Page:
A Cambridge-based biotech company is seeking approval from federal regulators to use its experimental medication on patients brought to the United States for treatment after being infected in West Africa’s deadly Ebola outbreak.

Sarepta Therapeutics says if given approval, the firm will, within a few months, have enough of the injectible drug — AVI-75370 — for up to 125 patients.

The drug aims to stop the virus from replicating, allowing the body to fight it off.

digitalbob8/flickr creative commons

What happens in our early childhood has a lot to do with how we develop as humans. Dr. Paul Harris researches the role the imagination plays in helping children grow into healthy adolescents. He says we tend to think of the imagination as something divorced from reality, when in fact it is deeply intertwined with how we determine reality from fantasy.

Mystic Aquarium

Researchers from Mystic Aquarium are set to release a snapping turtle into the wild that will be outfitted with a Crittercam. The release is scheduled for Monday afternoon at Rogers Lake in Old Lyme. 

Ending a contentious and very public spat between two branches of government, Central Intelligence Agency chief John Brennan apologized to Sen. Dianne Feinstein and Sen. Saxby Chambliss because some CIA officers improperly accessed computers used by the Senate Select Committee on Intelligence.

Cali4beach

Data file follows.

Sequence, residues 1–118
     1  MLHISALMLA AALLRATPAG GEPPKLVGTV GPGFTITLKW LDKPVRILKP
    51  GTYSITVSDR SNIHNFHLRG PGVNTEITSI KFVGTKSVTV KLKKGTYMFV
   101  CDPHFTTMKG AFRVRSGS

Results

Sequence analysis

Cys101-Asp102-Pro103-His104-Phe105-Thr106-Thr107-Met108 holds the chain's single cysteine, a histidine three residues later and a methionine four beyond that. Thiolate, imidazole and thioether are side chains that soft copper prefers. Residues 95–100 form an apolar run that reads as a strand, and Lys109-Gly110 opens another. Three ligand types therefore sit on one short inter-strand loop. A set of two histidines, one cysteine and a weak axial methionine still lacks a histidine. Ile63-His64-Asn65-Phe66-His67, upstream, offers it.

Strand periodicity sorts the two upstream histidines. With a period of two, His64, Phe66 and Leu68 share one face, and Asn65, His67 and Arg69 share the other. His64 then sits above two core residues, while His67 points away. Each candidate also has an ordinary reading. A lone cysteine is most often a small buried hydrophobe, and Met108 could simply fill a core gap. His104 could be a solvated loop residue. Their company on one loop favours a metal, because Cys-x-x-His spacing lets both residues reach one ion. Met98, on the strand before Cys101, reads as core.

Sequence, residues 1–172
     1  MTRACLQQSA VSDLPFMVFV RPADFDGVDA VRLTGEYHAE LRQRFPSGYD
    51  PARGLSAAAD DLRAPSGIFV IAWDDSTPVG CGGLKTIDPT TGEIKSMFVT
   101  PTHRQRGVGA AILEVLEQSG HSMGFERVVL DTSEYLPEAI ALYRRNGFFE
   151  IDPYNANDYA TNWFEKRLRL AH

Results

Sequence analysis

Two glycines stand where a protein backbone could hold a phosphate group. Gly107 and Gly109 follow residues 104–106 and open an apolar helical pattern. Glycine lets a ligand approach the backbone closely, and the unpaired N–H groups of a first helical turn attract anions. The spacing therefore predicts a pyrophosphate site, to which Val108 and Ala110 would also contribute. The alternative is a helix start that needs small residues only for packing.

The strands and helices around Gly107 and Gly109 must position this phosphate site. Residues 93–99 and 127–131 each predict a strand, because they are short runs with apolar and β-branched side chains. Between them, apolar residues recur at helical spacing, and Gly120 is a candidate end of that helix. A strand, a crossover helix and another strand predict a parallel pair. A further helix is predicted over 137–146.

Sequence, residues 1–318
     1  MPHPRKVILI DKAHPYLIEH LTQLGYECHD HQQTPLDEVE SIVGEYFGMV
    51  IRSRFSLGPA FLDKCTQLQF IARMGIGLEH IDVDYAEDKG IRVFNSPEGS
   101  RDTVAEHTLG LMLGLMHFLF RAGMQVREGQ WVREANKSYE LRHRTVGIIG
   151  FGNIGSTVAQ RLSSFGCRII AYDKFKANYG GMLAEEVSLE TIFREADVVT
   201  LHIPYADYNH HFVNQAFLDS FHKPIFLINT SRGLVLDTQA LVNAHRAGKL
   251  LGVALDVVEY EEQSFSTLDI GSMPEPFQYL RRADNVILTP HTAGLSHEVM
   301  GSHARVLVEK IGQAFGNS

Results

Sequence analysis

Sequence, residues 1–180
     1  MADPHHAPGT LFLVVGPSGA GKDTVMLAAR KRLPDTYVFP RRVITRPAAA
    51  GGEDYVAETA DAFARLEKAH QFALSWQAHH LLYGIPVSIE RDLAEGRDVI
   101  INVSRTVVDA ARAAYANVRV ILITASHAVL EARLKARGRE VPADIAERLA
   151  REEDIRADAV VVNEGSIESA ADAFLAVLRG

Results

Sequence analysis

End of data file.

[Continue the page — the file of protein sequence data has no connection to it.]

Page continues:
A recent online poll showed Republican Tom Foley leading Governor Dannel Malloy by nine percentage points in the race for the state's top office. The nature of the poll itself, though, is stirring discussion. Here's why. 

Five years ago, printing your own book was stigmatized and was seen as a mark of failure.

"But now," says Dana Beth Weinberg, a sociologist at Queens College who is studying the industry, "the self-published authors walk into the room, and they say, oh, well, 'I made a quarter million dollars last year, or $100,000, or made $10,000.' And it is still more than what some of these authors are making with their very prestigious contracts."

Bradley P. Johnson / Creative Commons

A settlement has been reached between South Windsor-based TicketNetwork and the State of Connecticut. In the deal, TicketNetwork agreed to clearly disclose that it is a ticket resale company, and not an official box office outlet.

Here's a question with no easy answer: How do you hold the nation's spy agencies accountable — when they control the secrets?